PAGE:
Today, from the UK, author Penny Jones talks about why she loves horror and how it might just be normal.
Women in Horror month is a strange concept for me; on one hand, as a fairly new female writer I love it (any exposure is good exposure), and I get to learn about what some of my favourite writers are up to, and read some work from other writers who are new to me. But on the other hand, I’ve always read female horror writers. At my first ever convention I was a giggling mess when I met John Connolly and Simon Bestwick, but I was equally in awe of meeting Cate Gardner and Thana Niveau at the same convention. My bookshelves have always been pretty 50/50 when it comes to male or female authors. So I wonder if the issue isn’t around women in horror, but around people’s perception of what horror is.
Now I’ve always been lucky (though I didn’t realise this until I met other horror writers). My family and friends have always been big readers, and they’ve also been big horror fans. So, when I first went to a convention it was a shock to hear other authors saying it was nice to be around people who understood you, and who didn’t ask, “Why don’t you write something nice?” Because I’ve never been in that situation (see told you I was lucky).
As a child I was more likely to be watching a Hammer Horror than I was a Disney film, and my parents happily bought me Mary Danby’s ghost stories, as well as a Rupert the Bear annual at Christmas. Horror has never been a dirty word in my life. Also, horror wasn’t introduced to me as being all about excess gore and shock value. In fact, I don’t really like what I term “Tits and Torture” (I’ve been trying to gear myself up to watch Saw for years now. I love the concept behind the story, but I really am too scared to watch it). But most of the “Tits and Torture” that I’m too squeamish to watch isn’t actually sold as horror anyway; it’s sold as mainstream TV such as Game of Thrones or Vikings. That’s not to say I won’t read the more extreme side of horror. One of my favourite writers is Alex White who wrote several stories for the Pan Book of Horror, including my favourite of the entire series The Clinic and, you guessed it, Alex White is a female author (though I only found that out a couple of years ago). It is something I see time and time again−female horror authors who people think are male, either that or female horror authors who aren’t described as horror writers.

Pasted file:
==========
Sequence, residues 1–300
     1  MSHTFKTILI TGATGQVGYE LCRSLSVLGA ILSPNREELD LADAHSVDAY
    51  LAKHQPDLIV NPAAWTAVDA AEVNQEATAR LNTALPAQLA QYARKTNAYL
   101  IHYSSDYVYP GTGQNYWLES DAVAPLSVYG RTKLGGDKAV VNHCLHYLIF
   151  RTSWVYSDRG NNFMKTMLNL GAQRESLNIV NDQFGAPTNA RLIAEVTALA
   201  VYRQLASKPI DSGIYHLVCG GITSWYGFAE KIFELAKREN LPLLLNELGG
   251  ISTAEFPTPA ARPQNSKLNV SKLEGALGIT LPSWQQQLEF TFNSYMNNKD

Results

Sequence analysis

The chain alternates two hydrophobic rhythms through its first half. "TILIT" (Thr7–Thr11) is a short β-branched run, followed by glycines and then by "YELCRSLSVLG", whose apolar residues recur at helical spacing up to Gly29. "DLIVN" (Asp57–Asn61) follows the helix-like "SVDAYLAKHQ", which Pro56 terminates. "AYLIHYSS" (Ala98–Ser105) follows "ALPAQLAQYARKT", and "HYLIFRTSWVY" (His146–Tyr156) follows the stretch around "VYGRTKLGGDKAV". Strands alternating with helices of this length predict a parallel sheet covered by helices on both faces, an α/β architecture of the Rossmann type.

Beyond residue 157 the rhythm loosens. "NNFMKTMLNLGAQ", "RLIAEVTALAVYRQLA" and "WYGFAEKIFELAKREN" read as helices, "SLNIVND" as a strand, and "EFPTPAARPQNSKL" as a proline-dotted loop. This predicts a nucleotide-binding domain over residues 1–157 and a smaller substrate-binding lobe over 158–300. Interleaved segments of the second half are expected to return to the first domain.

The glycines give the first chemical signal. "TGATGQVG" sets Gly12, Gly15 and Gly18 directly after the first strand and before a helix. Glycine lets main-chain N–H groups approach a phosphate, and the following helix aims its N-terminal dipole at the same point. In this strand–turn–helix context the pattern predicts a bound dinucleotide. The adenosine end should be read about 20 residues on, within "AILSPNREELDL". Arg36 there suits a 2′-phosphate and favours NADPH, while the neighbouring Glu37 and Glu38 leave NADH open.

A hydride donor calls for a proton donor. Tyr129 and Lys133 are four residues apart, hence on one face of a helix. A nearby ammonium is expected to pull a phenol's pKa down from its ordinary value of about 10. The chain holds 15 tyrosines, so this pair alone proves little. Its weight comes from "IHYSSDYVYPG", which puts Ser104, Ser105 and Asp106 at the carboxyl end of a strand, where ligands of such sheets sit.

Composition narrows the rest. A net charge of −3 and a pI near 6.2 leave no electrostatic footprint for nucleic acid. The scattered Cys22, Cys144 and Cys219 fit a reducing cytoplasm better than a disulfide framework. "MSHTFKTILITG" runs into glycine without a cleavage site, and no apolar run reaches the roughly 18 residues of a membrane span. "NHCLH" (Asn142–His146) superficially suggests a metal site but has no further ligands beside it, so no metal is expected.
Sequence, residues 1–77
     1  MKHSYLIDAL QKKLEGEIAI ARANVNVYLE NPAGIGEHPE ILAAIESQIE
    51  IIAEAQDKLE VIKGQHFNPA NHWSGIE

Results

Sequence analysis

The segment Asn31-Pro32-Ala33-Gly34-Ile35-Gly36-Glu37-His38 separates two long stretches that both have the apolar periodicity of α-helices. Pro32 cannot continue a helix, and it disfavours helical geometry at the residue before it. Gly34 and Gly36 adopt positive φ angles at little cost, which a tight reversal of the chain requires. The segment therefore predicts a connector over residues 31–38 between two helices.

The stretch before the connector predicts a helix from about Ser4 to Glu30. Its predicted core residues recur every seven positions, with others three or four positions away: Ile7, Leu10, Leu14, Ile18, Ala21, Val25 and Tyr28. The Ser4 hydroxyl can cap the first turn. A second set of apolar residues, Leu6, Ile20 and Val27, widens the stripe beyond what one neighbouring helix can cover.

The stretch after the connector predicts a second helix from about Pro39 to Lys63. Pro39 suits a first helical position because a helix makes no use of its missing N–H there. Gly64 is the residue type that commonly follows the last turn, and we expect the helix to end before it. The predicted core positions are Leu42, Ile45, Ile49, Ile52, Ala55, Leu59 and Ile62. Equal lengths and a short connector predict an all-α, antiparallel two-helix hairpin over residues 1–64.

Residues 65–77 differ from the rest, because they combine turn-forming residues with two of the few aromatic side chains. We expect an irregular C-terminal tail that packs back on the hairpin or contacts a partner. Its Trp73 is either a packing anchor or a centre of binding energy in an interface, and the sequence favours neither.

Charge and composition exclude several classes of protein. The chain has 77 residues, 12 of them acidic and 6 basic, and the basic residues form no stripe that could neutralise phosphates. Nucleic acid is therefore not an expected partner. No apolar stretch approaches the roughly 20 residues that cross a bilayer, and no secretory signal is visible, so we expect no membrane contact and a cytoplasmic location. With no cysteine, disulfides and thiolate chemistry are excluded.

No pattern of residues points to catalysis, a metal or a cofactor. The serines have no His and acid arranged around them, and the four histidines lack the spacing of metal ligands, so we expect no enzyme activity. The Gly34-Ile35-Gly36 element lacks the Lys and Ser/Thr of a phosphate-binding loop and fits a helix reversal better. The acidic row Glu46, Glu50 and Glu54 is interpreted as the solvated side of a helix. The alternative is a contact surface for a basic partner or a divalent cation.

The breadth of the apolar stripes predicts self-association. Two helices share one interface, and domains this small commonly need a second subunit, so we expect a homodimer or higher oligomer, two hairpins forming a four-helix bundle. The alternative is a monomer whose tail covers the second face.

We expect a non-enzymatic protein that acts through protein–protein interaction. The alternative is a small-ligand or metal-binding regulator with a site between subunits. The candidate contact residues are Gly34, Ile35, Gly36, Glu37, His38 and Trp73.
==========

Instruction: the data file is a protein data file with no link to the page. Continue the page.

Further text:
If you walk into your local bookstore and look at your meagre one shelf of horror books, it is a pretty sure bet that the only authors you will see there will be Stephen King, Dean Koontz, with the occasional Herbert, Barker or Neville thrown into the mix. But if you look elsewhere in the book store and take a peek at the crime, the classics, and the literary shelves, you’ll find plenty of amazing female horror writers. There’s a joke that if you want a horror book to sell you call it a literary book and put a picture of a tree on the front, but I think what’s equally true is that if you want a female horror writer to be commercially viable you don’t put their work on the horror shelf. Look at Shirley Jackson’s Haunting of Hill House; it is quite clearly a horror book. It has the word “Haunting” in the title for God’s sake, but still you will usually find it snuggled next to James Joyce on the literary shelves in the store.
If you weren’t as lucky as me, and your only concept of horror is the trailer for the latest slasher flick or seeing the latest Stephen King bestseller on the shelves at WHSmiths, then here are some of my favourite female horror writers for you to get your teeth into:
Priya Sharma−All the Fabulous Beasts
Tracy Fahey−New Music for Old Rituals
Alex White−The Clinic (Which can be found in: Back from the dead: The Legacy of the Pan Book of Horror Stories)
Shirley Jackson−The Haunting of Hill House
Daphne du Maurier−Don’t Look Now and Other Stories
Susan Hill−The Woman in Black
Alison Littlewood−A Cold Season
Laura Mauro−Naming the Bones
Cate Gardner−Theatre of Curious Acts
Thana Niveau−Unquiet Waters
Georgina Bruce−This House of Wounds (Out later this year by Undertow Publications)
Charlotte Brontë−Jane Eyre
Marie O’Regan−Times of Want
A.K. Benedict−Jonathan Dark or The Evidence of Ghosts
Sarah Pinborough−The Death House
Penny Jones knew she was a writer when she started to talk about herself in the third person (her family knew, when Santa bought her a typewriter for Christmas). She loves reading and will read pretty much anything you put in front of her, but her favourite authors are Stephen King, Shirley Jackson and John Wyndham. In fact Penny only got into writing to buy books, when she realised that there wasn’t that much money in writing she stayed for the cake.